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Hereditary Angioedema: Early Warning Signs and Symptoms

Medically reviewed by Graham Rogers, MD on May 17, 2016Written by Sarah Keller on May 17, 2016
hae signs and symptoms

Hereditary angioedema (HAE) is a rare genetic disease that affects how the immune system controls inflammation. It causes repeated episodes of severe swelling of the skin, airway, and gastrointestinal system. Between 1 in 10,000 and 1 in 50,000 people have HAE worldwide.

Some people with HAE start noticing symptoms around puberty. If untreated, swelling attacks can increase. The timing, frequency, and severity of these attacks can be unpredictable and vary throughout a person’s life. Medication can reduce the frequency of attacks and make them less severe.

HAE can be difficult to diagnose because its symptoms overlap with allergic reactions and common gastrointestinal illnesses. These include gastroenteritis, irritable bowel syndrome, appendicitis, diverticulitis, and pancreatitis.

Untreated HAE attacks can disrupt your daily life. So it’s important to recognize HAE symptoms. The symptoms can even be life-threatening if throat inflammation closes your airway.

Early warning symptoms

Some HAE attacks will start with early warning symptoms several hours before swelling begins. About 25 percent of people with HAE may have early warning symptoms. These symptoms may include:

  • painless, non-itchy rash
  • tingling skin
  • skin tightness
  • fatigue
  • irritability
  • sudden mood changes
  • anxiety

Common HAE signs and symptoms

During an HAE attack, swelling can happen in a variety of places. This includes the hands, feet, genitals, gastrointestinal (GI) tract, and throat. Throat swelling is a medical emergency. You should seek treatment at the first sign of this symptom.

Skin swelling

The most common symptom of HAE is swelling that starts with skin tightness and tingling. Then it progresses to extreme, painful swelling. If untreated, this swelling usually decreases over one to three days. These symptoms can prevent you from participating in normal activities. For example, your fingers may swell so that they can’t bend and your feet may become too swollen to put on shoes.

Skin swelling from HAE can affect your:

  • hands
  • feet
  • face and mouth
  • genitals
  • buttocks

Abdominal swelling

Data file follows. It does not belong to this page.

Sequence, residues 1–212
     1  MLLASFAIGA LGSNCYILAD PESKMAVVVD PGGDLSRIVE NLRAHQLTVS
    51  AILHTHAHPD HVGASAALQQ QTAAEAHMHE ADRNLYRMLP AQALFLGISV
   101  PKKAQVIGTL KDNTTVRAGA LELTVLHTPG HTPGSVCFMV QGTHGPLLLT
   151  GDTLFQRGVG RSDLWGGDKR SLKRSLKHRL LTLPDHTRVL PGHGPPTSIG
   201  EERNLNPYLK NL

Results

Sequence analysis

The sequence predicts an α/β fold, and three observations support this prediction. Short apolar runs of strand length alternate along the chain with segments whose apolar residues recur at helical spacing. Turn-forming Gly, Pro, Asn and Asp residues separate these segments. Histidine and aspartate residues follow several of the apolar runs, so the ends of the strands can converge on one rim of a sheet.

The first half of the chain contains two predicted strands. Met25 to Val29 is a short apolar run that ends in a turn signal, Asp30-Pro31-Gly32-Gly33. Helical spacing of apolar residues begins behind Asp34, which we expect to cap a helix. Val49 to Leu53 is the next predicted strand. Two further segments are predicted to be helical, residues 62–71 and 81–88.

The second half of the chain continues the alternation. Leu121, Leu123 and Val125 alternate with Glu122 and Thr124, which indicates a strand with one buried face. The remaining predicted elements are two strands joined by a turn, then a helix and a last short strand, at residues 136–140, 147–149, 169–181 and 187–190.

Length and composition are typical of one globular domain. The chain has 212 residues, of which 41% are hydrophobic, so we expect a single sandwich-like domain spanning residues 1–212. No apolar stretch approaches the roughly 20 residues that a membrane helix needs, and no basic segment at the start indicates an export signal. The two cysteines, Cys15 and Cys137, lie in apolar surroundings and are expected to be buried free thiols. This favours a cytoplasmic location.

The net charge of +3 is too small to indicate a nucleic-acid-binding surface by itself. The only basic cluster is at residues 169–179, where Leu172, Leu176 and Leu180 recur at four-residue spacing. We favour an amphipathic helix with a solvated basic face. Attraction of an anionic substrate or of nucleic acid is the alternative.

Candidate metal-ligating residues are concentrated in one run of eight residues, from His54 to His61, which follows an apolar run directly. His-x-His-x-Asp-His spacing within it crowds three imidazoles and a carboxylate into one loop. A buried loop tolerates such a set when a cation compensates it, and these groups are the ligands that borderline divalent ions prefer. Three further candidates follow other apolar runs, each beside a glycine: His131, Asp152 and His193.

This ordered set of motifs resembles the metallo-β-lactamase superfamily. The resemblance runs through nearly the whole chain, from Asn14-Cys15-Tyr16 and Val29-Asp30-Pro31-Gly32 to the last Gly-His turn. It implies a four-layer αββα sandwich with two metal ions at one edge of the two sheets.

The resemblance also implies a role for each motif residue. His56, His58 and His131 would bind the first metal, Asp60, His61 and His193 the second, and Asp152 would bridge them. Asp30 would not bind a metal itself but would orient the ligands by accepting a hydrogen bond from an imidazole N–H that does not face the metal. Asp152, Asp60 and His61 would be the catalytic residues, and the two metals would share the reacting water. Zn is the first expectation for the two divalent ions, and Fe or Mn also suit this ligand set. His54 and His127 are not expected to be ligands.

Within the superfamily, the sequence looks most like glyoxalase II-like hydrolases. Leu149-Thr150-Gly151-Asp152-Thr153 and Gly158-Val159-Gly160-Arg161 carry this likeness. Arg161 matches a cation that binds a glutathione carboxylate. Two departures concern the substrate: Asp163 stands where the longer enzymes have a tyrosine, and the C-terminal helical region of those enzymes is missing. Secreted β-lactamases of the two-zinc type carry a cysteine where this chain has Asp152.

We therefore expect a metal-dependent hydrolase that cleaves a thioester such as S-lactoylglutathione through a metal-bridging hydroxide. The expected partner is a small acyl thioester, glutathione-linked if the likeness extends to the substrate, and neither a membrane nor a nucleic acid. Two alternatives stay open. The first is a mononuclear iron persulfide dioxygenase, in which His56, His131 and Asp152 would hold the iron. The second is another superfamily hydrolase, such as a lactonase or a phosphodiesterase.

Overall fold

Swelling in the GI tract makes up half of all HAE attacks. When the GI tract is affected during an HAE attack, it can lead to:

  • severe stomach pain
  • nausea
  • vomiting
  • diarrhea
  • dehydration

In people with undiagnosed HAE, abdominal symptoms can lead to unnecessary surgeries if they’re confused with conditions such as appendicitis, ovarian torsion, or ruptured ovarian cysts.

In severe cases, the loss of body fluids from abdominal swelling can lead to hypovolemic shock. This is a life-threatening condition that requires immediate medical attention.

Throat swelling

Throat swelling is the most severe and dangerous symptom of HAE. About 50 percent of people with HAE have had at least one throat-swelling event.

If you think your throat is swelling or if you have trouble breathing, swallowing or talking, you should call 911. Throat inflammation can be fatal if it closes your airway. It usually takes several hours for these attacks to develop, but sometimes they happen faster.

Symptoms of throat inflammation include:

  • change in voice quality or hoarseness
  • difficulty swallowing
  • difficulty breathing

Unlike an allergic reaction, antihistamines and corticosteroids can’t be used to treat throat swelling caused by HAE.

If you treat a throat-swelling attack at home, you should still seek immediate medical care to make sure your airway is safe.

What triggers HAE symptoms?

While some HAE attacks occur without explanation, certain events or activities can trigger HAE symptoms. Recognizing what triggers your attacks can help you avoid or manage them. These triggers include:

  • anxiety or stress
  • dental work
  • surgery
  • medications
  • illnesses
  • certain foods
  • physical or environmental factors

Managing HAE symptoms

Though HAE is a life-long condition, its symptoms are manageable with the proper treatment plan and medications. You can take medication regularly to prevent attacks. Treating attacks as soon as you recognize the symptoms also helps reduce their impact on your life.

Keeping a log or diary to understand your symptoms and what triggers them will also help you and your doctor develop a plan to manage your HAE. With the right management, you can lead a full, active life with HAE.

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